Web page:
Cite This Page:

BioMed Central. "Family planning in conflict." ScienceDaily. ScienceDaily, 12 July 2011. <www.sciencedaily.com/releases/2011/07/110712211011.htm>.
BioMed Central. (2011, July 12). Family planning in conflict. ScienceDaily. Retrieved November 25, 2014 from www.sciencedaily.com/releases/2011/07/110712211011.htm
BioMed Central. "Family planning in conflict." ScienceDaily. www.sciencedaily.com/releases/2011/07/110712211011.htm (accessed November 25, 2014).

Share This


More From ScienceDaily



More Health & Medicine News

Tuesday, November 25, 2014

Featured Research

from universities, journals, and other organizations


Featured Videos

from AP, Reuters, AFP, and other news services

From Popcorn To Vending Snacks: FDA Ups Calorie Count Rules

From Popcorn To Vending Snacks: FDA Ups Calorie Count Rules

Newsy (Nov. 25, 2014) The US FDA is announcing new calorie rules on Tuesday that will require everywhere from theaters to vending machines to include calorie counts. Video provided by Newsy
Powered by NewsLook.com
Daily Serving Of Yogurt Could Reduce Risk Of Type 2 Diabetes

Daily Serving Of Yogurt Could Reduce Risk Of Type 2 Diabetes

Newsy (Nov. 25, 2014) Need another reason to eat yogurt every day? Researchers now say it could reduce a person's risk of developing type 2 diabetes. Video provided by Newsy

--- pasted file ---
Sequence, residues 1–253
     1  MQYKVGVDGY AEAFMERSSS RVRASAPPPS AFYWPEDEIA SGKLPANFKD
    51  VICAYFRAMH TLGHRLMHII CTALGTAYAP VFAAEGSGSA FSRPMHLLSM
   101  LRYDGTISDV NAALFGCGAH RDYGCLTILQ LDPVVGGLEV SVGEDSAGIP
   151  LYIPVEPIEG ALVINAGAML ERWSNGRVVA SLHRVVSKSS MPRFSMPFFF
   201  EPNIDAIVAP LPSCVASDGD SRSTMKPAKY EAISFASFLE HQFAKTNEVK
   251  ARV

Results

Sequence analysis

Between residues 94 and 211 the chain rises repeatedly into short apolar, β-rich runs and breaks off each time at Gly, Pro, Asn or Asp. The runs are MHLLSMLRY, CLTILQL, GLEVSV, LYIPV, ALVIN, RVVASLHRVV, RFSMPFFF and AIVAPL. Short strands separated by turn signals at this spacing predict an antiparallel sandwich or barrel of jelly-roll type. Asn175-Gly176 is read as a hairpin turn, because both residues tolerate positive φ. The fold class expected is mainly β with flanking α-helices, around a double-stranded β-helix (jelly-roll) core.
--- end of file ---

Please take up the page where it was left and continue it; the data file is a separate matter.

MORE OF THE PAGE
Powered by NewsLook.com
Madagascar Working to Contain Plague Outbreak

Madagascar Working to Contain Plague Outbreak

AFP (Nov. 24, 2014) Madagascar said Monday it is trying to contain an outbreak of plague -- similar to the Black Death that swept Medieval Europe -- that has killed 40 people and is spreading to the capital Antananarivo. Duration: 00:42 Video provided by AFP
Powered by NewsLook.com
Are Female Bosses More Likely To Be Depressed?

Are Female Bosses More Likely To Be Depressed?

Newsy (Nov. 24, 2014) A new study links greater authority with increased depressive symptoms among women in the workplace. Video provided by Newsy
Powered by NewsLook.com

Search ScienceDaily

Number of stories in archives: 140,361

Find with keyword(s):
Enter a keyword or phrase to search ScienceDaily for related topics and research stories.

Save/Print:
Share:

Breaking News:

Strange & Offbeat Stories


Health & Medicine

Mind & Brain

Living & Well

In Other News

... from NewsDaily.com

Science News

Health News

Environment News

Technology News



Save/Print:
Share:

Free Subscriptions


Get the latest science news with ScienceDaily's free email newsletters, updated daily and weekly. Or view hourly updated newsfeeds in your RSS reader:

Get Social & Mobile


Keep up to date with the latest news from ScienceDaily via social networks and mobile apps:

Have Feedback?


Tell us what you think of ScienceDaily -- we welcome both positive and negative comments. Have any problems using the site? Questions?
Mobile: iPhone Android Web
Follow: Facebook Twitter Google+
Subscribe: RSS Feeds Email Newsletters
Latest Headlines Health & Medicine Mind & Brain Space & Time Matter & Energy Computers & Math Plants & Animals Earth & Climate Fossils & Ruins